Ostensibly about the history of marriage in the US, this book actually spend a good deal of time touching on the path to citizenship of many races and nationalities of people through the nations history. Although it has only a brief version of each, it's definitely has made me want to read more on these topics. Now to attempt to find good books on the immediate post slavery era and the history of Japanese American immigration…I also found the section on Social Security and race very interesting and want to know more but this book did not go into enough detail (this is not necessarily a criticism as it is not the main point of this book). Need to find a book on that as well. In general, I very much like reading this kind of book which summarizes it straight through the lens of one particular topic. It is often shocking to see how fast things change and just how little time has passed since certain norms were seem to be unavoidable that now seem unthinkable. Obviously, the final chapter of this particular book does need an update and a new edition would probably be quite welcome. This is copyright 2000 and obviously there have been significant updates in marital policy since then. Nonetheless this book has been quite interesting and worthwhile, and I very much enjoyed reading it.

  • Dan Pecchenino
    2019-01-18 18:33

    Generally well-written, but like most history books it uses a lots examples to make one essential point. In this case, the point is that marriage has been instrumental in shaping our ideas of citizenship in the United States. As such, the notion of marriage as either a religious or private institution is largely a fantasy, and Cott provides mountains of evidence to prove that changes to rules about marriage have been used to both maintain unequal power relations between men and women, and to shape distinct and rigid gender roles. Probably not a good book to read if you are thinking about getting hitched anytime soon, but a must if you are writing your dissertation on the economic function of the dyad in American life...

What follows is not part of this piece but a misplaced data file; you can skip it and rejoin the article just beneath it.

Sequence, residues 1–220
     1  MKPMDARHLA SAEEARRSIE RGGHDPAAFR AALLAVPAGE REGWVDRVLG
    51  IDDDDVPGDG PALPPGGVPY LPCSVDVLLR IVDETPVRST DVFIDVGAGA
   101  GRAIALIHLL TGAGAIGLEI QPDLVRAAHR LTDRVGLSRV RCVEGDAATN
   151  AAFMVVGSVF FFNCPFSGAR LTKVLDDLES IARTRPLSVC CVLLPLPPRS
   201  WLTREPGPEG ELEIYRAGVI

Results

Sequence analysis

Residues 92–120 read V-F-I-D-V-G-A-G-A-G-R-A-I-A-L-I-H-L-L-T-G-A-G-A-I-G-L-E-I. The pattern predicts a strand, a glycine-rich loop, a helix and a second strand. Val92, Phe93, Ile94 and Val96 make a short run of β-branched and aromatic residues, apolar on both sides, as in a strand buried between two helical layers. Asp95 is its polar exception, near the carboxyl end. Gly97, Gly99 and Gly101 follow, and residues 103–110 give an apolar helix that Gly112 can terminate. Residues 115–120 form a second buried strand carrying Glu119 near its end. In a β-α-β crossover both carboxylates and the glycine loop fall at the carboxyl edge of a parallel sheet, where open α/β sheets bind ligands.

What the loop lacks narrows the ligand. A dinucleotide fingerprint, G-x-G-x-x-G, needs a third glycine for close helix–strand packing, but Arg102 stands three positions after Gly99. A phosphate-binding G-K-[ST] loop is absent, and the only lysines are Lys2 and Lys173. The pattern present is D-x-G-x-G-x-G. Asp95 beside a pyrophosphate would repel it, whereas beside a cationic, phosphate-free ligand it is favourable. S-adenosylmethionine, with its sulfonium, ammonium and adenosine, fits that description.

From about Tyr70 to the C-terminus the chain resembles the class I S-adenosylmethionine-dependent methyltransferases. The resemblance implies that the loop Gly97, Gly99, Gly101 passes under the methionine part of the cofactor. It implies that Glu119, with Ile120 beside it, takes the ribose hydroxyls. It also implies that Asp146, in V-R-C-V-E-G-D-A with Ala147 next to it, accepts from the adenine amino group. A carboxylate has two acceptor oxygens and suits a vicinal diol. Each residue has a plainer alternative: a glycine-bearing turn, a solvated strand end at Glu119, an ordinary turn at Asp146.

• Kay
    2019-01-12 14:47

    The writing is a little dry and the chapters are hard going as they're quite long. I felt like the author frequently digressed into territory that was only tangentially related to her primary subject. I learned a lot about immigration policy and slavery, but felt like she spent too much time on what was (admittedly very important but ultimately only) background information. Cott, like Barbara Ehrenreich, has a problem with class; Cott frequently implies that women didn't work before the 30s.Alternate title: Marriage and a Bunch of Other Stuff That Sucked for Women and People of Color.

  • Christina
    2019-01-04 12:31

    If you're interesting in learning the history of the institution of marriage as it relates to American values, national events, and changing laws, I highly recommend this book. The reasons why I gave it four stars instead of five are due to Cott's poor treatment of the feminist movement--one I see as biased against feminism--and her lack of interest in divorce culture as it has shaped and influenced views on marriage. She, of course, includes both aspects in her discussion, but fails to outline them as carefully as she does changing racism and anti-polygamist sentiments.

  • Timothy
    2019-01-15 13:22

    Immensely informative, and an easy read. Cott sums up a great deal of legal and cultural history, producing a generally clear narrative. The last chapter felt a bit truncated to me, and it also read like more of a polemic than the rest of the book; however, one of the challenges of history is how to cope with a lack of distance. This book is a great resource, and I only wish it were more up-to-date.

  • Rebecca
    2019-01-10 19:42

    Cott was called as an expert witness to the US Congress on the history of marriage in America. This book is the reason she went there. She asserts that marriage in America is a public institution, and she details the changes and challenges to marriage from the early days of settlement right up to the present. It is really interesting and provides a lot of insight on the current situation.

  • Jose
    2018-12-31 16:27

    also excellent, haven't finished. great history on marriage. used in human behavior and policy classes.

  • Margaret Zhang
    2019-01-10 15:30

    Excellent perspective on how traditional marriage is not an institution preserved pure since antiquity, but rather a public construct, molded and shaped by social forces.

  • Lindsay
    2019-01-18 12:19

    A history of the fucked up way hetero/monogamous marriage became what people think is normal and natural.

  • Liz
    2018-12-26 14:30

    Truly fascinating historical analysis of the role of marriage in American society and culture.

  • Paula McConnell
    2018-12-21 17:34

    Interesting. It had just the information I was looking for regarding bi-racial marriages in the US at the turn of the century. I now understand why gay marriage is a difficult subject.